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[186]

January 20th, that must have rejoiced his heart. It is very evident that the preliminary plan had been well thought out. The details were left to his discretion.

Sir: When the Hartford is in all respects ready for sea, you will proceed to the Gulf of Mexico with all possible despatch, and communicate with Flag-Officer W. W. McKean, who is directed by the inclosed despatch to transfer to you the command of the Western Gulf Blockading Squadron. . . . There will be attached to your squadron a fleet of bomb-vessels, and armed steamers enough to manage them, all under command of Commander D. D. Porter, who will be directed to report to you. As fast as these vessels are got ready, they will be sent to Key West to await the arrival of all, and the commanding officers, who will be permitted to organize and practise with them at that port.

When these formidable mortars arrive and you are completely ready, you will collect such vessels as can be spared from the blockade and proceed up the Mississippi River and reduce the defenses which guard the approaches to New Orleans, when you will appear off that city and take possession of it under the guns of your squadron, and hoist the American flag thereon, keeping possession until troops can be sent to you. If the Mississippi expedition from Cairo shall not have descended the river, you will take advantage of the panic to push a strong force up the river to take all their defenses in the rear. . . .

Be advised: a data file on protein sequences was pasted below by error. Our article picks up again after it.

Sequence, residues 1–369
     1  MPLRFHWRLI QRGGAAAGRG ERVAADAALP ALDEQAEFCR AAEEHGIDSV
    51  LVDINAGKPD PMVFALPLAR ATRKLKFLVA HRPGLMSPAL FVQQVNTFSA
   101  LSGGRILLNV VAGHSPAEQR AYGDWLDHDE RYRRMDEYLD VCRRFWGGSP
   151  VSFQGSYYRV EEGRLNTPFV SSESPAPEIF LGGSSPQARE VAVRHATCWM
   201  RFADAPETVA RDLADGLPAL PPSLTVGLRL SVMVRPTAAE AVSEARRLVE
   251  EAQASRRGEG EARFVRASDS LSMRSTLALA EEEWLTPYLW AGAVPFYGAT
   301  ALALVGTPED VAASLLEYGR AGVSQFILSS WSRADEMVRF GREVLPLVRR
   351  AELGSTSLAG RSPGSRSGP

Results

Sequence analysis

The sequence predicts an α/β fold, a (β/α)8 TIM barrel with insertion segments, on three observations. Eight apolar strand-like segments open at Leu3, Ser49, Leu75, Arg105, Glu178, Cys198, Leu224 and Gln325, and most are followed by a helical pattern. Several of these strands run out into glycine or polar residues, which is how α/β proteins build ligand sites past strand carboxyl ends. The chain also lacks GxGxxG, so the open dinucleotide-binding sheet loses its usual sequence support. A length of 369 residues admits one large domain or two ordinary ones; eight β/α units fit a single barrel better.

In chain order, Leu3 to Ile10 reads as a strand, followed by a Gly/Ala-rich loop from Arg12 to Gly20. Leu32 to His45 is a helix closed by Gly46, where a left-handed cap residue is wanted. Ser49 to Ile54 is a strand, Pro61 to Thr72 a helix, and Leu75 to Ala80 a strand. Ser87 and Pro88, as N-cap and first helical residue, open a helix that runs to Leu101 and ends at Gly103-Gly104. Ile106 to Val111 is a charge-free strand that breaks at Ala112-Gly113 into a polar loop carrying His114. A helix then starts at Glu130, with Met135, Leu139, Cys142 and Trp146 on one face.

As you have expressed yourself satisfied with the force given to you, and as many more powerful vessels will be added before you can commence operations, the department and the country require of you success. . . . There are other operations of minor importance which will commend themselves to your judgment and skill, but which must not be allowed to interfere with the great object in view, the certain capture of the city of New Orleans. . . .

A month later, to a day, Farragut, in the Hartford, was at the appointed rendezvous, Ship Island in the Gulf, not far from the mouth of the Mississippi, and his squadron began to gather around him. Preparations and plans had to be made, but under the competent direction and cooperation of his staff, affairs began to take proper shape. On the 25th of March,

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